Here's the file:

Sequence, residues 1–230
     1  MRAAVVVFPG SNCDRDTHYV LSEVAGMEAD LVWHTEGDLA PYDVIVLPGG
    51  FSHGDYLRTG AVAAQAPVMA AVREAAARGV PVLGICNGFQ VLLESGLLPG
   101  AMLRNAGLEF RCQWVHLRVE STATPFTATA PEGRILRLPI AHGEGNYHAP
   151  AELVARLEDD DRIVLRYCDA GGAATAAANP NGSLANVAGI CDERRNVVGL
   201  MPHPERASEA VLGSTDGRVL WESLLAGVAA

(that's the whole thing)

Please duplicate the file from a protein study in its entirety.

Sequence, residues 1–230
     1  MRAAVVVFPG SNCDRDTHYV LSEVAGMEAD LVWHTEGDLA PYDVIVLPGG
    51  FSHGDYLRTG AVAAQAPVMA AVREAAARGV PVLGICNGFQ VLLESGLLPG
   101  AMLRNAGLEF RCQWVHLRVE STATPFTATA PEGRILRLPI AHGEGNYHAP
   151  AELVARLEDD DRIVLRYCDA GGAATAAANP NGSLANVAGI CDERRNVVGL
   201  MPHPERASEA VLGSTDGRVL WESLLAGVAA